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WINFIELD HOUSE

ALTERNATIVE NAME:  ST DUNSTANS INSTITUTE FOR THE BLIND, ST DUNSTANS, HERTFORD VILLA
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Winfield House is a detached house situated at the northwest side of Regent's Park in London and is now residence of the Ambassador of the United States of America. It is a Regency style villa, originally named Hertford Villa but later known as St Dunstan's, and was designed by the architect Decimus Burton as part of John Nash's grand design for Regent's Park.

From 1917 until 1921 it was used by St Dunstan's Institute for the Blind and then remained empty for the rest of the 1920s. St Dunstan’s Institute for the Blind, now renamed and known as Blind Veterans UK, was established in 1915 and first located in Winfield House which was lent to the charity. The establishment was founded by Sir Arthur Pearson who owned the Evening Standard and founded the Daily Express. He lost his sight through glaucoma and wanted to help those who had lost their vision in the First World War by providing care and rehabilitation.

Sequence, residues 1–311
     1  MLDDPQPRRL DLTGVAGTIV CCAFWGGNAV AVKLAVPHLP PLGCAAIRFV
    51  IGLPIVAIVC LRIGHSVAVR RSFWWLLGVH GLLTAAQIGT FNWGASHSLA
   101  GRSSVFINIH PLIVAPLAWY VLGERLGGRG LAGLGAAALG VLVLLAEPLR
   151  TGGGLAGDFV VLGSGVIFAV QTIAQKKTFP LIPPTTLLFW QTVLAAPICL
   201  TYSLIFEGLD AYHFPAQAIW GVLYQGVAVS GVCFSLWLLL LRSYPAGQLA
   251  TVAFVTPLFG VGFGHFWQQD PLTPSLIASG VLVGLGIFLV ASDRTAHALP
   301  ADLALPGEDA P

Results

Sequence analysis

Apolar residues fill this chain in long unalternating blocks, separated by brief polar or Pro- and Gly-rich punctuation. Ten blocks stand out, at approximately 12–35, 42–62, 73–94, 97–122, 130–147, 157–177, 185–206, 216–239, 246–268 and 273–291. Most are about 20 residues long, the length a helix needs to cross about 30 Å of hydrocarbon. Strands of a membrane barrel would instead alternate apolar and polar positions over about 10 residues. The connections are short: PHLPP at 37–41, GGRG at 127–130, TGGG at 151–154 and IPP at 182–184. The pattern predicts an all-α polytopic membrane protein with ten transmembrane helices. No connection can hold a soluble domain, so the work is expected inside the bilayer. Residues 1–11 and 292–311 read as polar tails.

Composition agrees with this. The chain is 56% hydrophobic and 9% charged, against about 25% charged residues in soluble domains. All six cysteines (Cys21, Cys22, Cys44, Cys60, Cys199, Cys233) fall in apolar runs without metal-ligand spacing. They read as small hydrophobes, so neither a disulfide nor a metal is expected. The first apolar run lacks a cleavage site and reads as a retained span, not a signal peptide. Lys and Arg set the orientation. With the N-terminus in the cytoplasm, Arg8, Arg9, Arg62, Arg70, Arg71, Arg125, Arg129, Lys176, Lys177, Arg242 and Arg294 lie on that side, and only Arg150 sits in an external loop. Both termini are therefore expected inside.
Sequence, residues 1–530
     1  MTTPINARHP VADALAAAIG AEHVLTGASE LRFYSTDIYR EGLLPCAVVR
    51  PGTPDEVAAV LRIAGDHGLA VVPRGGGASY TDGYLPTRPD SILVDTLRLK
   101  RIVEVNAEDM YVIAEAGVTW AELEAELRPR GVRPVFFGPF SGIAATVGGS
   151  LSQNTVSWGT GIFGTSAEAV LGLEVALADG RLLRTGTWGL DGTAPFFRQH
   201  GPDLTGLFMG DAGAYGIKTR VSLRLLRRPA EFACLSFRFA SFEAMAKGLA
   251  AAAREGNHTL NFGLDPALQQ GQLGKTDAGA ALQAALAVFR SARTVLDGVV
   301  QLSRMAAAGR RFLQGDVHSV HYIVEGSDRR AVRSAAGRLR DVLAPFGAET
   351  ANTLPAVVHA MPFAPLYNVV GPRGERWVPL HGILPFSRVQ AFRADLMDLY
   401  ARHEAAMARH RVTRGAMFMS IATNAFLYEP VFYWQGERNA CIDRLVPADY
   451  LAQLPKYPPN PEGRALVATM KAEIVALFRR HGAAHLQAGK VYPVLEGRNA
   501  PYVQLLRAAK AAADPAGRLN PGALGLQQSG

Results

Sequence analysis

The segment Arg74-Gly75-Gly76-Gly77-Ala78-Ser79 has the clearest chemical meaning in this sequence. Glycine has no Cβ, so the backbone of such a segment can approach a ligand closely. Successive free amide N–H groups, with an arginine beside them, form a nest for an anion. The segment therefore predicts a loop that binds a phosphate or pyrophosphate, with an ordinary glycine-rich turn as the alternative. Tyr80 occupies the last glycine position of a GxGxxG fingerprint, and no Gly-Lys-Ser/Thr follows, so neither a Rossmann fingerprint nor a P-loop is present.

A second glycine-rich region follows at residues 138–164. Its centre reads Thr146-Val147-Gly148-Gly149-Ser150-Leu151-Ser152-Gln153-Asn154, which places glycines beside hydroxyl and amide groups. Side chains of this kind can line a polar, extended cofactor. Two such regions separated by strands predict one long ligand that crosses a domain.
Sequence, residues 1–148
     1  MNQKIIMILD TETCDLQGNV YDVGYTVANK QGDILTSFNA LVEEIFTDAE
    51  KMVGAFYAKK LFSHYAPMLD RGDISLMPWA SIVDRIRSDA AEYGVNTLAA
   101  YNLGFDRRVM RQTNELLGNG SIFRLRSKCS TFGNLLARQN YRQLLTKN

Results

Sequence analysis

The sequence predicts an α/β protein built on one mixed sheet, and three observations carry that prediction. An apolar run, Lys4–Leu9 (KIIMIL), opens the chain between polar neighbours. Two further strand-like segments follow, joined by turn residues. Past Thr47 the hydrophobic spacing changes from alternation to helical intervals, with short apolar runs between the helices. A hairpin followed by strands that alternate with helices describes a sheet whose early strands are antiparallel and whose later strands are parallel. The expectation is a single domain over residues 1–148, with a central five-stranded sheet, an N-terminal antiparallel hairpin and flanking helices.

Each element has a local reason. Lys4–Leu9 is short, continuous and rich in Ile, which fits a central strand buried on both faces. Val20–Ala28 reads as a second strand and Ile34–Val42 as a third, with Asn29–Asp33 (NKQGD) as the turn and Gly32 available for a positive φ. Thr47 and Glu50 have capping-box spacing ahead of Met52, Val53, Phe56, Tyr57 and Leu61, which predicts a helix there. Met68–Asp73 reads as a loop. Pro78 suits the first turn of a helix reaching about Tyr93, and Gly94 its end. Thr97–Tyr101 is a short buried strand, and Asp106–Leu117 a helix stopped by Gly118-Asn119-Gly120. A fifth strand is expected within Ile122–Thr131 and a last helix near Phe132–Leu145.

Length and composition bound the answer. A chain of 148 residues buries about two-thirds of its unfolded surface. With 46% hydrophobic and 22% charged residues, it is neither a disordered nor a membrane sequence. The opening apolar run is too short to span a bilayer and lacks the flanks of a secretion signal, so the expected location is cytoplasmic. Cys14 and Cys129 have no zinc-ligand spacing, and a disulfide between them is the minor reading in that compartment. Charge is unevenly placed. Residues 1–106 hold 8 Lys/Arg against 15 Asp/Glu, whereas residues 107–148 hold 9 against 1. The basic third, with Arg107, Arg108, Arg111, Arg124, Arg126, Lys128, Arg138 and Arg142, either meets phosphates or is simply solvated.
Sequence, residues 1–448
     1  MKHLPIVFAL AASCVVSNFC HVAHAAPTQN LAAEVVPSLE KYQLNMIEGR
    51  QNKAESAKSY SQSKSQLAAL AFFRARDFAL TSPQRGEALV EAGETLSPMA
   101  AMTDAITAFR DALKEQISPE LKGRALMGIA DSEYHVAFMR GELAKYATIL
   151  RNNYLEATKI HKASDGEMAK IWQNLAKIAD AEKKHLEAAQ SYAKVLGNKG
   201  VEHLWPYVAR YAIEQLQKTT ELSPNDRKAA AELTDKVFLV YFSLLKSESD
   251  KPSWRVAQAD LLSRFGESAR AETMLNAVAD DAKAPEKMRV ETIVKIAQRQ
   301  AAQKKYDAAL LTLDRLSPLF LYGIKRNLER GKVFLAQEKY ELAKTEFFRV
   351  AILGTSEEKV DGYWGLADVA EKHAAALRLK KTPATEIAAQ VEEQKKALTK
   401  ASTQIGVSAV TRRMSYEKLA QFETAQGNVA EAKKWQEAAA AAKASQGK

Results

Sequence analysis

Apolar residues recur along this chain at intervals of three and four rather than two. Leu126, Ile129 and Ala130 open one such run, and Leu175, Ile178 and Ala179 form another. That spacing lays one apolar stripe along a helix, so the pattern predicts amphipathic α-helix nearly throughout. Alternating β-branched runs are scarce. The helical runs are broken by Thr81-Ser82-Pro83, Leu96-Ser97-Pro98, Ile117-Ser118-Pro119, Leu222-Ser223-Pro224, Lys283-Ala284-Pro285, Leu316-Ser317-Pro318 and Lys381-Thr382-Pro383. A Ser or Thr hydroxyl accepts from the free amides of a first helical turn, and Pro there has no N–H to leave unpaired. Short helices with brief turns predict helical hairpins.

In 1936 the building was partly destroyed by fire and it was bought by the Woolworth heiress Barbara Hutton who demolished it and built a red brick Georgian style house in its place. This was designed by Leonard Rome Guthrie of Wimperis, Simpson and Guthrie with Johnny Sieben and Sheila Lady Milbank as interior decorators. The building was named Winfield House after Barbara Hutton's grandfather and it was her home from 1937 until 1939. During the Second World War the building was commandeered and used by an RAF barrage balloon unit and an Air Crew Reception Centre, later it was used as an American Officers' Club. In 1946 Barbara Hutton gave the house to the United States Government to be used as the official residence of the American Ambassador.

The building lies in a Conservation Area.

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